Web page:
Ruben Romero (Production Technician)

Small Form Factor Gaming

Written on May 23, 2013 by Ruben Romero
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Several months ago I set a challenge for myself: build a small form factor system (SFF) with a low wattage power supply to play modern game titles at decent video settings. The goals were to use a low profile video card, modern components, and keep things as quiet as possible. After looking around the internet for parts I settled on the items I've listed below.

Chassis  Antec ISK 300-150
Power Supply  150W PSU (included with case)
Motherboard ASUS P8H77-I
Processor Intel Core-i5 3350P
CPU Cooler Intel Stock Heatsink w/ copper core
RAM 2x Samsung 4GB DDR3
Video Card Sapphire Radeon HD 7750 LP
Hard Drive Intel 180GB 335 SSD
Hard Drive Western Digital 250GB Scorpio Blue
Optical Samsung Slim DVD-RW
Misc Cooling Antec 80mm DBB adjustable fans

 

I picked the ISK 300-150 not because it is a case that Puget Systems carries, but because it has features that made it stand out from other small form factor cases. One example is the included power supply (PSU) that is provided from Antec. It is still a SFF PSU but it has a unique housing for an 80mm fan to cool the internal components of the PSU, rather than the more common 40mm fan size. What does this mean? Less noise from the fan since the fan is larger and it also moves more air through the PSU itself. The case also allows for 80mm chassis fans to be used instead of the more commonly seen 60mm fans for system cooling. So it's mostly just a noise factor.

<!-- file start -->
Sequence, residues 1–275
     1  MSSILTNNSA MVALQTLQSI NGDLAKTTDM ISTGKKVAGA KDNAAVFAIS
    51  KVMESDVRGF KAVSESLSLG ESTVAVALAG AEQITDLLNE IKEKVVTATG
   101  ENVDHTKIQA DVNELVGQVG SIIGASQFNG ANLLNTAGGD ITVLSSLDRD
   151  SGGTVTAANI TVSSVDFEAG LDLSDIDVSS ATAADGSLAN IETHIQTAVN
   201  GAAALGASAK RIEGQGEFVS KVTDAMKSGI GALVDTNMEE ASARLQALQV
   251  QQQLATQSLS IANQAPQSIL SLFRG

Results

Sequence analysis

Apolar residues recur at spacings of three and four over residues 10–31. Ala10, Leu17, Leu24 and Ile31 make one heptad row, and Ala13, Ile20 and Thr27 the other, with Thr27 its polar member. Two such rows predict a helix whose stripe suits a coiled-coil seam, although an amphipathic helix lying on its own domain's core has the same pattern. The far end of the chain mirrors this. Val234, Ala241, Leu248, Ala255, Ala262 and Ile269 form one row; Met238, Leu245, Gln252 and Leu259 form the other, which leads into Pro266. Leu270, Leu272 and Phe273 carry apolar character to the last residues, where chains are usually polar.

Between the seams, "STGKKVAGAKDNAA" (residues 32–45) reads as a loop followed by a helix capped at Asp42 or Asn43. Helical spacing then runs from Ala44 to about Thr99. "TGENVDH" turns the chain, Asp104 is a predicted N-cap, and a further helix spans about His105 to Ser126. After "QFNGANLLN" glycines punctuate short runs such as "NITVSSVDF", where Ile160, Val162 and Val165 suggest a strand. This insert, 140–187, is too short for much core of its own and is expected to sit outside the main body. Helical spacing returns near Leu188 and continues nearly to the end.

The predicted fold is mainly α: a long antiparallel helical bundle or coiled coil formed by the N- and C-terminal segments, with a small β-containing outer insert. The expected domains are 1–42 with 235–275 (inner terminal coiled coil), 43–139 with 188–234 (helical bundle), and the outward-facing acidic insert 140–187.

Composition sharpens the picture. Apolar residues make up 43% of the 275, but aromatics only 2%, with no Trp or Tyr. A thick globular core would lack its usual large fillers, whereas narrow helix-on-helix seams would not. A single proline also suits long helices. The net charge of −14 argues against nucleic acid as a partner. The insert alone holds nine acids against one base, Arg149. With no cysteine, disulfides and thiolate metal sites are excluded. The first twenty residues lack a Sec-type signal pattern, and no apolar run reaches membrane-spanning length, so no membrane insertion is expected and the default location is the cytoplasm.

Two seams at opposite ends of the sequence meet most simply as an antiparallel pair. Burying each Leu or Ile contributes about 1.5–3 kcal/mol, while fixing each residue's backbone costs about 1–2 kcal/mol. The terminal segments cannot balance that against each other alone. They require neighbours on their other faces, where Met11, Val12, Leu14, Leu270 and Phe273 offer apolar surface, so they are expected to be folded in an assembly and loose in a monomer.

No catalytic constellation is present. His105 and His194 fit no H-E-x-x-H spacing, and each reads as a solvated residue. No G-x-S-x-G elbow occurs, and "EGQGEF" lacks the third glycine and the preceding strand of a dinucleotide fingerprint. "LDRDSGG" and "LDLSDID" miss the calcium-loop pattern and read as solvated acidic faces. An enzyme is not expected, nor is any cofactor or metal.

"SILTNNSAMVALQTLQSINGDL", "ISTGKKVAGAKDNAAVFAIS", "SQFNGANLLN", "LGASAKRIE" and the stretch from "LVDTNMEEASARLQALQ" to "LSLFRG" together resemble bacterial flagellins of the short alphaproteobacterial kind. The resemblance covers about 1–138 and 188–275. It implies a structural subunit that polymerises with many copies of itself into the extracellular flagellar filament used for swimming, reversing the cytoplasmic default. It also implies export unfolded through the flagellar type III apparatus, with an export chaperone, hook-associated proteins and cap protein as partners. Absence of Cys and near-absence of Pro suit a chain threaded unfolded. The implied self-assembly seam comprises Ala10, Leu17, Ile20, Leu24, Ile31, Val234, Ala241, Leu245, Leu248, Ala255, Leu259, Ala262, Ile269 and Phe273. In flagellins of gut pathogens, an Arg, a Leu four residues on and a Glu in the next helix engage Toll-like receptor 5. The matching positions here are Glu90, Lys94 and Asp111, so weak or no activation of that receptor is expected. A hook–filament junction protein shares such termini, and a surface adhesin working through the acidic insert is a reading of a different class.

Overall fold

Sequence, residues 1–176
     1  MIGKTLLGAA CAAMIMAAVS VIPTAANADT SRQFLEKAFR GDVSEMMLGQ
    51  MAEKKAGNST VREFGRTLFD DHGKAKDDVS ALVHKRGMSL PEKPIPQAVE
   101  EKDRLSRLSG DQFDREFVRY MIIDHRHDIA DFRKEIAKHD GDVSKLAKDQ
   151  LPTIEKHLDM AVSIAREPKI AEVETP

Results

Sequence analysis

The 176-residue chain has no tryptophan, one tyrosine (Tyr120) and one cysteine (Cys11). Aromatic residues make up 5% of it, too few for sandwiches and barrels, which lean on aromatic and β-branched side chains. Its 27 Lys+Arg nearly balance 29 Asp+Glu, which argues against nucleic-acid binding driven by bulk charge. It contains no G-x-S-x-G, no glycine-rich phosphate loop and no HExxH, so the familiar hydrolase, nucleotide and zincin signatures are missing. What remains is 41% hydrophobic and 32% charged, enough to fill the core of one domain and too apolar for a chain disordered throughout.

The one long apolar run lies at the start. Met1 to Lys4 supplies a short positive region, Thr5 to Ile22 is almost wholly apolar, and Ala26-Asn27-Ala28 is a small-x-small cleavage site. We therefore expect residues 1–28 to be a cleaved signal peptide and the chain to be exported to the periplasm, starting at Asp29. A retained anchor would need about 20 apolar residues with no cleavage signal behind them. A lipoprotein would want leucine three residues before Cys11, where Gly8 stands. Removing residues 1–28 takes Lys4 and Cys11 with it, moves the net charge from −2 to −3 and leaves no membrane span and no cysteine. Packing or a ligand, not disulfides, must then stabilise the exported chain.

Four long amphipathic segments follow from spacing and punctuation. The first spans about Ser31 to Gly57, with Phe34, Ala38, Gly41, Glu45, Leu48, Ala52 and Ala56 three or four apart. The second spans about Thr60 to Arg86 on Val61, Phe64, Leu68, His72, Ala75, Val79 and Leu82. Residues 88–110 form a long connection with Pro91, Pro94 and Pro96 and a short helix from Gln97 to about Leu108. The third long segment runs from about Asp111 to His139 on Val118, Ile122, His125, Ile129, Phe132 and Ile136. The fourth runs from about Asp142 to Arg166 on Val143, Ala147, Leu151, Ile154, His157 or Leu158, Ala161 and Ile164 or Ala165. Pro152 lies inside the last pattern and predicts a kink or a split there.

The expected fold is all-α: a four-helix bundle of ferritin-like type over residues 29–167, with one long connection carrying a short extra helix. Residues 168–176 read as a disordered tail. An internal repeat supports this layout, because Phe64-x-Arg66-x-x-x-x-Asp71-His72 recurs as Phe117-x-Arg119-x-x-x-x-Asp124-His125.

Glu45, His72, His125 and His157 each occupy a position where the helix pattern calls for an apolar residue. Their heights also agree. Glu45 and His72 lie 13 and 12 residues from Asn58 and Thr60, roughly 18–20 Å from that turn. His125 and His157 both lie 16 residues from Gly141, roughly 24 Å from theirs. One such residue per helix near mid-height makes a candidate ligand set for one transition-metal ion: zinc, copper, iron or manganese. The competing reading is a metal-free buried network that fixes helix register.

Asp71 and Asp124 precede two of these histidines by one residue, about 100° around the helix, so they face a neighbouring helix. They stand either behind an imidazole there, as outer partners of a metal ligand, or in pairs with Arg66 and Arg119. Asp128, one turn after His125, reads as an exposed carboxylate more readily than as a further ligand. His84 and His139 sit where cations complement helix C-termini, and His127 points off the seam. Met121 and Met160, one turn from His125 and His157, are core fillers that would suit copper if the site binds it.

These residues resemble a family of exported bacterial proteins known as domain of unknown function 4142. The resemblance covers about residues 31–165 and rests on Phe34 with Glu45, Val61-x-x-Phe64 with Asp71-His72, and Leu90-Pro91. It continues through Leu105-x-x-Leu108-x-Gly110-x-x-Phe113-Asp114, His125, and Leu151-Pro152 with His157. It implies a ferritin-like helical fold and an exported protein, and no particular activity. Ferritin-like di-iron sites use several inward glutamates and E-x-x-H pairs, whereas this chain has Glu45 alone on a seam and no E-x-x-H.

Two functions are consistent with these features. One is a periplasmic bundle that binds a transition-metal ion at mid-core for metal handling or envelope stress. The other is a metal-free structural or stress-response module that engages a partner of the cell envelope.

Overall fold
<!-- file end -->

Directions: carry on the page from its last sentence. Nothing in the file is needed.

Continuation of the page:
The motherboard I chose was for a couple of personal reasons. First and foremost I like ASUS motherboards. Mainly, though, I like the board because it's not cluttered with extra bells and whistles and built-in features. My philosophy: the less stuff there is to break the more stable the system will be. The CPU is an Ivy Bridge quad-core without integrated graphics, as I really have no use for the integrated graphics.

 

The rest of the components are pretty self-explanatory. The main thing I was concerned about was not exceeding the 150W threshold of the PSU while the system was under load.

 

Enough back story, lets get down to hard facts and numbers! After the system was assembled with a clean installation of Windows 7, personal OS optimizations, and games with benchmarks as well as a standalone benchmark application installed the system was ready to go. I ran tests both at 1680x1050 and 1920x1080 on separate monitors, each supporting the native resolution, and used a Kill-A-Watt meter to monitor how much power the system was drawing from the wall.  Here are the results:

 

 

Dirt 3

  • Ambient Occlusion - High
  • Multisampling - 4x MSAA
  • All other settings at max
Frames Per Second (FPS)
1920 x 1080  1680 x 1050
Avg - 42 Avg - 47
Min - 36  Min - 40

 

 

Batman Arkham City 

  • First scene from benchmark only
  • DX11 Features - On
  • Tesselation - High
  • Multisampling - FXAA High
  • All other settings at max
Frames Per Second (FPS)
1920 x 1080  1680 x 1050
Avg - 42 Avg - 45
Min - 36 Min - 39
Max - 48 Max - 55

 

 

Unigine Heaven 4.0

  • Multisampling - 8x MSAA
  • All other settings at Max
Frames Per Second (FPS)
1920 x 1080  1680 x 1050
Avg - 10.6 Avg - 11.9
Min - 5.1 Min - 5.8
Max - 21.9  Max - 25.4

 

 

To clarify, only the first scene from the Batman benchmark was recorded as there is a very noticeable FPS spike when transitioning to the second scene - messing with the overall score. I knew it was not a problem with the system itself because a quick internet search shows multiple people experiencing the same issue. Moving on...